‘end of last year (from 11 June); and I will give you an order on Messrs. Hammersleys for the
‘amount I am, sir, etc. etc. etc. Anne Lister’ — then at 5 3/4 put into the letter bag (to go by John this evening)
the above letter to ‘Mr. Robert Walker newspaper-vendor 2 Jones Street Berkeley Square, London Postage Paid’
and my letter written this morning to ‘Mrs. Lawton, Claremont house, Leamington, Warwickshire’
dinner at 6 1/4 — Coffee — came upstairs at 7 1/2 — sat talking 1/2 hour — then reading with A- [Ann] one of Plumpton
Wilson’s sermons volume 2 — then had the newspaper — with my aunt from 9 40/.. to 10 5/.. at which hour Fahrenheit 35° —
very fine day — hard frost —

Monday 19
9 10/..
11 3/4
No kiss ready in an hour — fine morning a good deal of snow fell during the night, that we are, as it were, in
Lapland again — Fahrenheit 33 3/4° in my study now at 10 10/.. a.m. at which hour breakfast in an hour — then looking at the
pedigree and setting A- [Ann] to copy the arms till 11 5/.. — then had Miss Jenkinson’s James (James
Crompton) about the Stump X [Cross] Inn for about an hour till 12 1/4 — told him I should not send the
answer to Mr. Parker till Thursday night — but that his (James Crompton’s) ticket was not amounting the no. [number] I
was considering about — his bid was not high enough — he put £10 to it making £111 per annum —
said if he made his bid £120 per annum I would take it into consideration but could not say more —
he hoped I would not think merely of the highest bidder — no! said I, if I take the highest I shall not
take £120 — there is something considerable bid more than that — asked what side of politics he took —
blue, he and all his family and if he had had 100 votes would have given them all to Wortley — said I did
not wish to influence anyone unfairly, but was anxious to have all my people conscientiously of my own
way of thinking in politics — could only say, he had better think the thing over and give his answer to
Mr. Parker in time — then at 12 1/4 had Hinscliffe — he came to say he could make nothing of
the Keighley’s — they said they were secured by their papers for looses and everything — well! said
Hinscliffe then you must come upon those you purchased the coal of to make all good — you must come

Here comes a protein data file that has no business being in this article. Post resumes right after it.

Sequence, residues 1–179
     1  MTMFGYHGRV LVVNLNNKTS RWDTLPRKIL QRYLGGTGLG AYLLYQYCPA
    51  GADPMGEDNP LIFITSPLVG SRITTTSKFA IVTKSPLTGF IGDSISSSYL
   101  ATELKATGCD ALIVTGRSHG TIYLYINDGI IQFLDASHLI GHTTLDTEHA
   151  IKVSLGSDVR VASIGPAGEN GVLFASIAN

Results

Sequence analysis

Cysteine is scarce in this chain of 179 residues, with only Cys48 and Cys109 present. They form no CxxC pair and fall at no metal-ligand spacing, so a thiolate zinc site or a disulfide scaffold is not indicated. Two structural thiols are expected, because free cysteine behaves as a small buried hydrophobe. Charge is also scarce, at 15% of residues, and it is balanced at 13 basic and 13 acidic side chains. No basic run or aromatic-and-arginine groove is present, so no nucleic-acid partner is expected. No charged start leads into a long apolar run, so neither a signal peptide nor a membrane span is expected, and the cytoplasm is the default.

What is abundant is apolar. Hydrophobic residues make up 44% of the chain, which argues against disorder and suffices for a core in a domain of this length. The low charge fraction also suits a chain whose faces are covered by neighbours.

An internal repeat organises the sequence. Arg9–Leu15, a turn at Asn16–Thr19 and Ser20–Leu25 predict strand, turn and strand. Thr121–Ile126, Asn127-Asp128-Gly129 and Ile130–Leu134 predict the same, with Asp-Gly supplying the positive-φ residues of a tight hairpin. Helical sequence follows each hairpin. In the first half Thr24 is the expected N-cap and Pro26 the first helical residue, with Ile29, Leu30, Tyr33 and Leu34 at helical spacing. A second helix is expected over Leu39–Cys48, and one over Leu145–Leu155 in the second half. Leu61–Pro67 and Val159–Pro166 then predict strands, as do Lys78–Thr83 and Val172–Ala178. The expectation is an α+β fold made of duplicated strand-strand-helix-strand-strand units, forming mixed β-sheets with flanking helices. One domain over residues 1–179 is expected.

upon them for damages — Keighley’s said they would sell me the coal — Hinscliffe told them he thought I had
enough of my own — but if they heard from me that I was willing to treat for it, he would meet them
tomorrow — if they heard nothing from me by tomorrow they were to conclude, I did not want
to purchase — and he would see them on Saturday — He is for my stopping the loose — they say, if I do,
I shall stop myself (Walker pit) too — Hinscliffe thinks not — Walker pit will be on the upper
level — the water will not reach it, and I shall be able to get the 1 1/2 to 2 acres of coal if I do
stop the Spiggs Loose — Impossible to drive the level so dead but that there will be 10 yards gained between

[margin text:] James Crompton about Stump X [Cross] Inn
Hinscliffe cannot come to any agreement
about Spiggs Colliery — Advises to stop the Loose.
DateJan 1835
Extent1 page


ReprodnNoteThis transcript has been created to allow keyword searching within our online catalogue. A full transcription (marked-up to show extended abbreviations and highlighting all coded extracts) can be found as a pdf version at the volume level entry SH:7/ML/E/17. Every attempt has been made to ensure the accuracy of this transcription, however, researchers are advised to check against the original diary images before quoting from the transcriptions. We are also happy to receive any corrections to improve the accuracy of the transcriptions if they are found. Further editing will also take place once the project nears completion. For further information about the transcription project see the Anne Lister Diary catalogue entry at SH:7/ML/E.